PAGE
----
My first rodeo: Reflections on the New York-Houston Clinical Ethics Consortium

A few years ago, I asked a younger colleague if she was comfortable taking the lead on a project. She confidently replied that she was up to the task. “This isn’t my first rodeo” she said. I had never heard that phrase before and it has stuck with me ever since.

That catchy phrase took on a whole new meaning this week when I attended my first rodeo, the estimable Houston Livestock Show and Rodeo. Yes, this life-long New Yorker bought a beautiful felt cowboy hat, watched the bronco riders and barrel racing. Most notably, I saw adorable kids mutton busting on cuddly but cantankerous sheep. It’s an experience full of Americana that should be on everyone’s bucket list.

Dr. Fins with members of the Center for Medical Ethics and Health Policy at Baylor, Houston Methodist Hospital, Weill Cornell Medical College and the NewYork-Presbyterian Healthcare System.

Truth be told, I didn’t travel to Houston only for the rodeo. I was in town for the annual retreat of the New York-Houston Clinical Ethics Consortium. The retreat brings together medical ethics faculty and clinical ethics fellows from New York Presbyterian Hospital and Weill Cornell Medicine with our counterparts at Houston Methodist and Baylor College of Medicine.

In alternate years, we get together in Houston or New York. This year’s visit coincided with the Houston Rodeo and our colleagues graciously invited us to the big show. A great time was had by all and the New York contingent was grateful for the hospitality of our Texas friends.

But we are grateful for so much more. We appreciate the chance to work with clinical ethicists on the ‘third coast.’ As a New Yorker, I hail from a blue state. My Texas colleagues work in a red one. This is a color scheme that can clash and distance us.  However, through our consortium, our fellowship is purple.  We purposefully seek to split the difference and endeavor to look for commonalities and points of convergence.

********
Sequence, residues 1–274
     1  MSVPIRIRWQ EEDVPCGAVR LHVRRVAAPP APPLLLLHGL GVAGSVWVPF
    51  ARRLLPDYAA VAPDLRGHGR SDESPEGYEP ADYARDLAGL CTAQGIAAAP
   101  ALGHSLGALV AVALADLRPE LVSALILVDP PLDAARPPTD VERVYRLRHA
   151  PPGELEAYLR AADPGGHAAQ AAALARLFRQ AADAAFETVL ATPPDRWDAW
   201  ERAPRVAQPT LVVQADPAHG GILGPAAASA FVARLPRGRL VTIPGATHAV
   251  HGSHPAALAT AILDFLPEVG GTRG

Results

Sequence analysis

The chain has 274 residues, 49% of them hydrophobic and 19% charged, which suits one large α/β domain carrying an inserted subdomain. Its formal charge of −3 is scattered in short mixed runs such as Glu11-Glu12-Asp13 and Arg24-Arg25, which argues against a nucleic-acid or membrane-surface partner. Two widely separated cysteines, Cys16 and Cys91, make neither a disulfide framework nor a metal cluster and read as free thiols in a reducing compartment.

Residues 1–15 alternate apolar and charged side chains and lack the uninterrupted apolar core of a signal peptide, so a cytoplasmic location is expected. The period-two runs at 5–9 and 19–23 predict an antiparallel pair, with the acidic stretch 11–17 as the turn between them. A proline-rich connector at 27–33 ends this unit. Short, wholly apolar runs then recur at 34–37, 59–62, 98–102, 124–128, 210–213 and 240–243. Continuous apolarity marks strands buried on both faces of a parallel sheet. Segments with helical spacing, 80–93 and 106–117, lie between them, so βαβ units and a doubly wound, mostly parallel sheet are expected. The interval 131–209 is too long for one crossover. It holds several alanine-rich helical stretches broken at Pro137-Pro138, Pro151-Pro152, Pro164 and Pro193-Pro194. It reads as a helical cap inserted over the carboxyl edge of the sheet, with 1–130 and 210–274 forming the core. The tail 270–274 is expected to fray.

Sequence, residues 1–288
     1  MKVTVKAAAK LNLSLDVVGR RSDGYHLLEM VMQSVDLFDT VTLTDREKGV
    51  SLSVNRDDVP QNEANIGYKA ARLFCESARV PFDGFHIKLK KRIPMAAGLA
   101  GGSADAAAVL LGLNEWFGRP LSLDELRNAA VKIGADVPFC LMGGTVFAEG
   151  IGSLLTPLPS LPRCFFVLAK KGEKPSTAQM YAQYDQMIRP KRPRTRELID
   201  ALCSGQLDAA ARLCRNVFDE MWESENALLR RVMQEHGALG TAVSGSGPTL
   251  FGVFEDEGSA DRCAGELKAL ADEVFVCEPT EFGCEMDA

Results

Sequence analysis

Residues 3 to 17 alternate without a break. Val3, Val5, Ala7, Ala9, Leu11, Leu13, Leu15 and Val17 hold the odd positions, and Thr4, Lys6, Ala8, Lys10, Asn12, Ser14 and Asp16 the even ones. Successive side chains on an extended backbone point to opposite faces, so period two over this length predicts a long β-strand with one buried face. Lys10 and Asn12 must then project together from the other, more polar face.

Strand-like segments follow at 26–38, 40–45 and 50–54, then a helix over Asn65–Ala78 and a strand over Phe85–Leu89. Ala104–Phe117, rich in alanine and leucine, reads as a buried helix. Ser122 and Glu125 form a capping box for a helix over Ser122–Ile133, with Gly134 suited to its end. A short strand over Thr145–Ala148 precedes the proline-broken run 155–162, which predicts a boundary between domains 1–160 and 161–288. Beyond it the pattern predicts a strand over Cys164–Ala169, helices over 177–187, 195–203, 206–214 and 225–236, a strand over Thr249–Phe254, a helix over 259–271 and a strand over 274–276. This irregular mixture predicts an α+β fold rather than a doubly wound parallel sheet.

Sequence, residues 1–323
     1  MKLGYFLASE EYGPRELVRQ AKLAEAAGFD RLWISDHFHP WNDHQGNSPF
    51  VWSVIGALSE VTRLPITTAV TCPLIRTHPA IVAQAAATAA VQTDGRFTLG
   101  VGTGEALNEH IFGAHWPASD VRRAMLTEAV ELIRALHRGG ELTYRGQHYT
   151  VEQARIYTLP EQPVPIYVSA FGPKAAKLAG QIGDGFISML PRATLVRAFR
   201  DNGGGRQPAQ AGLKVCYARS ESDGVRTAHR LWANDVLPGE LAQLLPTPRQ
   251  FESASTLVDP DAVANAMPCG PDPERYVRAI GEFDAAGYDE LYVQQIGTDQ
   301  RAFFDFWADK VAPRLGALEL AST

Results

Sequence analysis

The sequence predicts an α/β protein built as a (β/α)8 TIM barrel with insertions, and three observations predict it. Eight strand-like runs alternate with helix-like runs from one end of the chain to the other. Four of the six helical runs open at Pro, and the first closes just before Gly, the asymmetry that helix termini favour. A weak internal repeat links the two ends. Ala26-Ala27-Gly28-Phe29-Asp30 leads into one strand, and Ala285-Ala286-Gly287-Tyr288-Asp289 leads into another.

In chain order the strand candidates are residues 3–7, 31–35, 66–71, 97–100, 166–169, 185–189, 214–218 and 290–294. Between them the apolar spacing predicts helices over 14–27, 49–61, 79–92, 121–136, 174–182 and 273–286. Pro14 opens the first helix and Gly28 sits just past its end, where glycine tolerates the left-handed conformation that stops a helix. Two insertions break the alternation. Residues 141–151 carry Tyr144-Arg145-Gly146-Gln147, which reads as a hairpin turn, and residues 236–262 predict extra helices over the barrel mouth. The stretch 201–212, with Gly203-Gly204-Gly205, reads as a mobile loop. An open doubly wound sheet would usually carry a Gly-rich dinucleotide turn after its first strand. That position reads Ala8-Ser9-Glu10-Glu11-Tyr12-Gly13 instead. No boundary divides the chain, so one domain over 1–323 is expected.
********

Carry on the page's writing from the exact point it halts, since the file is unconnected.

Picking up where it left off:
By traveling to New York or Houston, and hearing about cases that speak of common concerns in a different context, we can get out of our geographical silos and broaden perspectives. This benefits our fellows who may work in a practice setting that calls for accommodating view points and perspectives different from their own.

Dr. Joseph J. Fins

To our knowledge we are the only bioethics fellowships that offer this enriching opportunity with a partner institution. Over the past two weeks, New York based fellows rotated with their Houston colleagues on the clinical services of Houston Methodist, as Houstonians did last year at New York Presbyterian-Weill Cornell Medicine.

Each fellow presented their research to the joint faculty for feedback and direction. They collaborated on joint academic projects. The experience has only gotten better each time we convene.

We believe that two strong fellowship programs working together are better than one. Our fellows have learned a lot by collaborating in different care contexts.  But what is even more compelling are the bonds of fellowship — and friendship — that have deepened each time we get together.

I look forward to my next trip to Houston. It won’t be my first rodeo.

-By Dr. Joseph J. Fins, The E. William Davis, Jr., M.D., Professor of Medical Ethics, Professor of Medicine and chief of the Division of Medical Ethics at Weill Cornell Medical College. He also serves as an attending physician and the director of medical ethics at New York Presbyterian Weill Cornell Medicine and is co-director of the New York-Houston Clinical Ethics Consortium. 

One thought on “My first rodeo: Reflections on the New York-Houston Clinical Ethics Consortium

  • March 13, 2019 at 3:24 am
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    For many people (you’d call them ‘patients’) at the receiving end of medical ethics it is not only their ‘first rodeo’, it might be their one and only. They are (in most cases) completely dependent on your decisions and treatment. They often don’t have or don’t see options. You and your colleagues are doing crucial work. And you are, of course, right when you say that two fellowship programmes are better than one; that collaboration facilitates new experiences otherwise not made – and friendships that can last a lifetime.

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